The lawyer for Michael Jackson's doctor says there will be no plea bargain in the involuntary manslaughter case, though he worries whether an impartial jury can be seated for a trial in the death of one of the world's most famous and idolized entertainers.
The case against Dr. Conrad Murray is complicated, involving drugs, dosages, medical protocols and other complex issues. Defense lawyers and prosecutors are crafting their legal strategies ahead of a summertime preliminary hearing where much of the evidence may become public.
Already, potentially damaging information about Murray has been revealed.
An autopsy report found Jackson died from an overdose of the powerful anesthetic propofol. In a statement to police, Murray acknowledged giving Jackson the drug and other sedatives to help him sleep, then briefly leaving his bedside. Cellular phone records show he made at least three personal calls around the time Jackson was stricken.
A Jackson employee who said he was in the room while Murray worked to save the pop star told police the doctor interrupted CPR to collect drug vials.
Murray maintains his innocence, and his lawyer, Ed Chernoff, has said nothing that he gave Jackson "should have" killed him. Chernoff noted the Jackson employee gave a different version of events to police in another statement.
"You may find after you are done watching the trial that it is not nearly as cut and dried as has been presented," Chernoff told The Associated Press in a recent interview. "One thing that simply will never be the truth is that Dr. Murray pumped a bunch of drugs into Michael Jackson and walked out of that room. He's not that kind of guy."
The King of Pop was 50 when he died on June 25 in his rented Bel Air mansion, on the brink of a series of comeback shows in London. Murray, a 57-year-old cardiologist with practices in Houston and Las Vegas, was hired by the superstar to look after his health during the rigorous rehearsals and planned to accompany Jackson to London.
Deputy District Attorney David Walgren will seek to prove the doctor acted with "gross negligence" when he gave the singer propofol to help him sleep.
The anesthetic is supposed to be used in hospital situations for surgery and patients are to be monitored constantly by anesthesia professionals. The drug's effects are intensified when used in conjunction with other sedatives.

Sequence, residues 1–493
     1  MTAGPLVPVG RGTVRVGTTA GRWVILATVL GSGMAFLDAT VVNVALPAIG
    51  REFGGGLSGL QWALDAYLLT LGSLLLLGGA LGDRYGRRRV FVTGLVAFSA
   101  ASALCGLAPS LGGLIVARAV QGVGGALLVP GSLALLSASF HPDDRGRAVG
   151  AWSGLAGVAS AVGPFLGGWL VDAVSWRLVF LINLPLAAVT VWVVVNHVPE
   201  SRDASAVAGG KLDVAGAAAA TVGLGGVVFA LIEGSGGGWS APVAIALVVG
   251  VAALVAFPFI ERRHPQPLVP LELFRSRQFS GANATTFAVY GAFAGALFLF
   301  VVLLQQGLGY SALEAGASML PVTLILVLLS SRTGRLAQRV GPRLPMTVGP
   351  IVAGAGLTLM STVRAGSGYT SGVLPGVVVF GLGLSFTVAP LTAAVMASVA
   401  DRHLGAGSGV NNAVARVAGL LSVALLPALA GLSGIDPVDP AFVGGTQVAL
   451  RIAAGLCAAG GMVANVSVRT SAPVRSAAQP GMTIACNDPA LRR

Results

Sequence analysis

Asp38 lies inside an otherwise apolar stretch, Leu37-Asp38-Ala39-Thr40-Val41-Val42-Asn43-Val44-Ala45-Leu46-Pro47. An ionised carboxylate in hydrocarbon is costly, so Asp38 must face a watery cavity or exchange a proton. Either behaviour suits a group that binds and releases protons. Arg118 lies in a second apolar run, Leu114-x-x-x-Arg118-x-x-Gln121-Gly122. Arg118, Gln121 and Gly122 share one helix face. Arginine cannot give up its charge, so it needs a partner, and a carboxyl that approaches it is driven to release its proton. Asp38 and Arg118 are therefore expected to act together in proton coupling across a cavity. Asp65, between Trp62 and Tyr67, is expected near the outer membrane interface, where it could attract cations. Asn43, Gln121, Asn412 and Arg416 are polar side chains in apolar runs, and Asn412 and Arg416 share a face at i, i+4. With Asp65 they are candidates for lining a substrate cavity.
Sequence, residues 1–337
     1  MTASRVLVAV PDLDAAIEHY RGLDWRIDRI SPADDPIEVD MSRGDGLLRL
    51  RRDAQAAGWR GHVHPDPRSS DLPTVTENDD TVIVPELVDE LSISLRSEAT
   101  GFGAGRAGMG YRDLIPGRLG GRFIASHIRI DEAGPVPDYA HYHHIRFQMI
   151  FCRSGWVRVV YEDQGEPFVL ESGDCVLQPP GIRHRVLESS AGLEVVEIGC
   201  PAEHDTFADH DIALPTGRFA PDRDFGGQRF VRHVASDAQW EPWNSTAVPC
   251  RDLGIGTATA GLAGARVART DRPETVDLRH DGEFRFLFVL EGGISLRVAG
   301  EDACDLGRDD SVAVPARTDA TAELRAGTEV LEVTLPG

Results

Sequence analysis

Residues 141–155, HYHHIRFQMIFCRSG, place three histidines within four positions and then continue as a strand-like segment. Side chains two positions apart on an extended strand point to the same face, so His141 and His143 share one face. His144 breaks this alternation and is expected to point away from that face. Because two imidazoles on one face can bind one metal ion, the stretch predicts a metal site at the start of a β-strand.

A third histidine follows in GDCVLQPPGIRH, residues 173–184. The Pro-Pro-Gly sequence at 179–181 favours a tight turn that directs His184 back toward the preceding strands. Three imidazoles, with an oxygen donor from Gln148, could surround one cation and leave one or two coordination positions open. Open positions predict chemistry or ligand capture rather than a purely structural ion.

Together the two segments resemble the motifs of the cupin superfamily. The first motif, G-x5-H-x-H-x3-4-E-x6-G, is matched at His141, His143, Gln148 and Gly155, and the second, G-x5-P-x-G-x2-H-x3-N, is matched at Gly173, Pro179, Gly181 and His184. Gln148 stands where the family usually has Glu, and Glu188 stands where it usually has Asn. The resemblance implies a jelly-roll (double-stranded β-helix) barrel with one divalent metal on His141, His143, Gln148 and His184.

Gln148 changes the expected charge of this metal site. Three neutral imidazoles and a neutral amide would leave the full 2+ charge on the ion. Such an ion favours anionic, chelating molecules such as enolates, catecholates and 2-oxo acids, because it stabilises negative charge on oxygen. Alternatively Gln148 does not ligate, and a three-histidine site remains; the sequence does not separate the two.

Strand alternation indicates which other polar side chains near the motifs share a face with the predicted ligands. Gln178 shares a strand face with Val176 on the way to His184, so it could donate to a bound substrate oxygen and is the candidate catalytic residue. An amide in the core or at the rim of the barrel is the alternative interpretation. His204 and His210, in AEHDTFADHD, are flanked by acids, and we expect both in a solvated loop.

Prosecution experts are expected to say it was reckless to use it in a private home without proper equipment.
TMZ has reported that among the defense strategies being discussed is the possibility Jackson administered the fatal dose himself. Chernoff declined to discuss how he might defend Murray and said a final decision won't be made until he hears the prosecution's theory at the preliminary hearing.
Regardless of what prosecutors present, he said there will be no plea bargain.
"Plea bargains are for guilty people," he said.
Realistically, there's little incentive for either side to push for a plea bargain.
Prosecutors brought a relatively minor charge with a maximum sentence of just four years, so there's not much room to negotiate down.
"The district attorney didn't overcharge the case," said celebrity attorney Harland Braun, whose clients included Dr. Allan Metzger of Los Angeles, an internist and rheumatologist who had a close relationship with Jackson and was godfather to one of the singer's children. "They are charging what they think they can prove."
Murray already is deeply in debt and pleading to a felony would open him to liability in a civil damages trial. The Jackson family has spoken of suing Murray for wrongful death.
To gain a conviction at trial, prosecutors will have to walk jurors through Jackson's complicated medical history as well as the events leading up to his death. That will be crucial, said Ellyn Garafalo, a prominent defense attorney who is representing a doctor charged in the Anna Nicole Smith drug case.
"The biggest hurdle they have is to show whatever Dr. Murray did caused Michael Jackson's death," she said. "They're going to have to say he knew or should have known that what he did could have resulted in death."
An element of the defense theory, Braun said, may be that Jackson was a demanding patient who insisted on propofol, a drug he had taken for a long time.
"The defense theory is Michael Jackson needed it, wanted it, knew the danger and took the risks," Braun said.
Garafalo said that while such an argument can be made in an effort to persuade the jury, it is not a legal defense.
"It's like saying I asked someone to shoot me and he did, so he's not guilty," she said.
Prosecutors will argue that the doctor bears the ultimate responsibility for his actions and can't be absolved because the patient may have pressured him to do something he should have known was dangerous.
Jackson's celebrity is sure to influence the case and Chernoff worries about seating a jury.
"There is a real concern that we have about getting a group of jurors that are going to come into court and are not going to have any preconceived notions of guilt," he said.
But publicity in this case is everywhere, he said, so seeking a change of venue is unlikely.
"The problem is we have this around-the-world stuff," said Chernoff. "Even in the O.J. Simpson trial, people in Uganda didn't care about it. But in this case, they care in Uganda and everywhere else."
AP writers Thomas Watkins and Anthony McCartney contributed to this story.
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